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By Julia Lowe • April 4, 2018

How to Win the War on Comma Splices

Commas have so many uses in the English language that it is no surprise comma splices appear all throughout our students’ writing.  We might applaud their efforts for wanting to use this handy piece of punctuation, but when students start using commas willy-nilly and placing them wherever they like, it’s time to pull out the heavy artillery; we must win the war against the comma splice. 

What is a Comma Splice?

A comma splice is simply the use of a comma (and only a comma) to join two independent clauses. In essence, it’s attempting to “splice” or join together these two clauses:

How to Fix Comma Splices-1

Comma splices are sometimes confused with run-on sentences, but run-on sentences occur when independent clauses are improperly connected without the use of a comma:

Kimberly is great at baking all kinds of cookies snickerdoodles are her specialty.

William Shakespeare was a playwright he was born in Stratford-Upon-Avon.

This sentence is a comma splice that is a fact.

So, let’s try to understand why comma splices even occur in the first place.  Knowing the cause will help us pinpoint the issue.

Why do Comma Splices Appear in Student Writing?

Let’s get to the root of this issue.  The most common reason why comma splices show up in students’ writing is that they have been taught the adage that they should insert a comma anywhere in a sentence where they would take a breath. While simple rules like this come in handy for beginning writers, it can be greatly misleading if students are never taught what comma splices are in the first place or how to edit them in their writing. 

Another reason comma splices tend to appear in students’ writing is that students sometimes have difficulties understanding the difference between independent clauses and dependent clauses. When these clauses appear in the same sentence, they have their own set of rules as to how they can be joined together, and many times students are unaware of what these rules are. 

Be sure to address the differences between independent and dependent clauses when teaching students how to avoid comma splices.  Using dependent clauses as introductory elements is an excellent way to vary sentence structures and to create complex or compound-complex sentences, but it’s important that students understand how to properly punctuate these introductory clauses.  This video lesson on using commas with introductory clauses is a good resource.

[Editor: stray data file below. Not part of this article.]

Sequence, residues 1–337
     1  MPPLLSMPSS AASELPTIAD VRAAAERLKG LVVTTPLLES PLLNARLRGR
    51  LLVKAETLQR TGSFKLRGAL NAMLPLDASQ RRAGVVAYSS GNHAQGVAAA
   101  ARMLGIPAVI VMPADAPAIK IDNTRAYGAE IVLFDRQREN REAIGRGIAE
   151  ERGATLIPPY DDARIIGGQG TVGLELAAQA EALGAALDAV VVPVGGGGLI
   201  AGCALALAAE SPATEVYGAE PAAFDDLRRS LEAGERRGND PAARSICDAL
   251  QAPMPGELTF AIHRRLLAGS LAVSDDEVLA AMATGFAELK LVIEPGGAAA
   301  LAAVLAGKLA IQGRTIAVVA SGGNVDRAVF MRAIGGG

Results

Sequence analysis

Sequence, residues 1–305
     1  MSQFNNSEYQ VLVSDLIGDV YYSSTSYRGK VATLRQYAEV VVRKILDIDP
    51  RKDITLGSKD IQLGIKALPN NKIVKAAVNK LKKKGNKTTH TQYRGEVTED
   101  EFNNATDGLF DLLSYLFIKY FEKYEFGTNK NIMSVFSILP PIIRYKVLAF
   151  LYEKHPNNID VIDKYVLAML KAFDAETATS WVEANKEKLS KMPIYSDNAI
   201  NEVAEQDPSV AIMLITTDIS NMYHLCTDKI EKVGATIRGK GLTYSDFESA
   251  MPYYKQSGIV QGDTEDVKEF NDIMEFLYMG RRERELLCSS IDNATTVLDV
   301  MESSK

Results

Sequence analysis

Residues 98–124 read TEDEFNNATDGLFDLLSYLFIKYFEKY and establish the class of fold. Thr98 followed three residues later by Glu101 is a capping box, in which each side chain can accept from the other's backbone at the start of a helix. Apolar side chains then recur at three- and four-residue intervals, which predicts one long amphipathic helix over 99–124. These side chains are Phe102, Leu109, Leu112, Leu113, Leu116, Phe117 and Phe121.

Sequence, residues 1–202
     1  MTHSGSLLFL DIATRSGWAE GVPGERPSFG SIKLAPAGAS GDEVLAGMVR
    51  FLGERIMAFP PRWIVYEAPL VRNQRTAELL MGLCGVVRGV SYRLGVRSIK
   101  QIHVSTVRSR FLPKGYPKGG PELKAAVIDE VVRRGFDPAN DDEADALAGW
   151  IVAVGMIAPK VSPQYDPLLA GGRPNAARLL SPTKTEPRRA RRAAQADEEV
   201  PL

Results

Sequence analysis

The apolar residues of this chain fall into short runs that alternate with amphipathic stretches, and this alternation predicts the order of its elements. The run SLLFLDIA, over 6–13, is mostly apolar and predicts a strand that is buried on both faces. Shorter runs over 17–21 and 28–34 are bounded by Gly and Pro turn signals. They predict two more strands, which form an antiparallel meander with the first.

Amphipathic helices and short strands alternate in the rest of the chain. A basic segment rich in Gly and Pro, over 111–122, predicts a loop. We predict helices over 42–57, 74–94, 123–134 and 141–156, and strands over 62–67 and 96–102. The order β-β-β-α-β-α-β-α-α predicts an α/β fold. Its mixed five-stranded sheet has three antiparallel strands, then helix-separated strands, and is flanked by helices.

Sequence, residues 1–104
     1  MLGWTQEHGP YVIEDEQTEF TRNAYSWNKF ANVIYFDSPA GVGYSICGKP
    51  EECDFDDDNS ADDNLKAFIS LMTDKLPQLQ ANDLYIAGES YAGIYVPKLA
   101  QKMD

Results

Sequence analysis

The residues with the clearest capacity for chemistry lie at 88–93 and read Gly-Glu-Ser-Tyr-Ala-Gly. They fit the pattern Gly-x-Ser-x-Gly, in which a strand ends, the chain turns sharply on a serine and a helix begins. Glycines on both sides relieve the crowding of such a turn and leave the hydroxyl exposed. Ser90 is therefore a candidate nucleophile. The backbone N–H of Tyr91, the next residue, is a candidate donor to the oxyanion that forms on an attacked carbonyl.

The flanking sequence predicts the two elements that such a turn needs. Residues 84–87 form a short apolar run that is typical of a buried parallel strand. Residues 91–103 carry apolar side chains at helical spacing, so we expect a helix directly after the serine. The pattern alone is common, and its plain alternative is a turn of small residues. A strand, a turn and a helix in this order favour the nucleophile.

How Can Comma Splices be Corrected?

So, let’s look at three ways in which we can correct comma splices in writing.  Let’s use the first example sentence from above:

Kimberly is great at baking all kinds of cookies, snickerdoodles are her specialty.

Correction #1: Break the comma splice into two separate sentences.  You can do this by replacing the comma with a period and simply capitalizing the first word of the next independent clause.

Kimberly is great at baking all kinds of cookies. Snickerdoodles are her specialty.

Correction #2: Add a comma and a coordinating conjunction between the two independent clauses. 

Kimberly is great at baking all kinds of cookies, and snickerdoodles are her specialty.

 Correction #3Use a semicolon in place of the comma.  (This video lesson on semicolons will be helpful.)

Kimberly is great at baking all kinds of cookies; snickerdoodles are her specialty.

While the comma can be a versatile piece of punctuation, it can also be a double-edged sword in writing.  When used properly, it can create the most compelling, descriptive, or engaging sentences, but when used improperly, the comma can inflict more damage to a writer’s credibility than one might expect.  As teachers, let’s win the war on comma splices and help our students become the best writers they can be.

A Comma Splice Writing Application Activity

Having your students work through the lessons and activities for comma splices in the GrammarFlip platform is a great start, but if you just need another brief activity for your students, feel free to download this free writing application activity for comma splices and run-on sentences.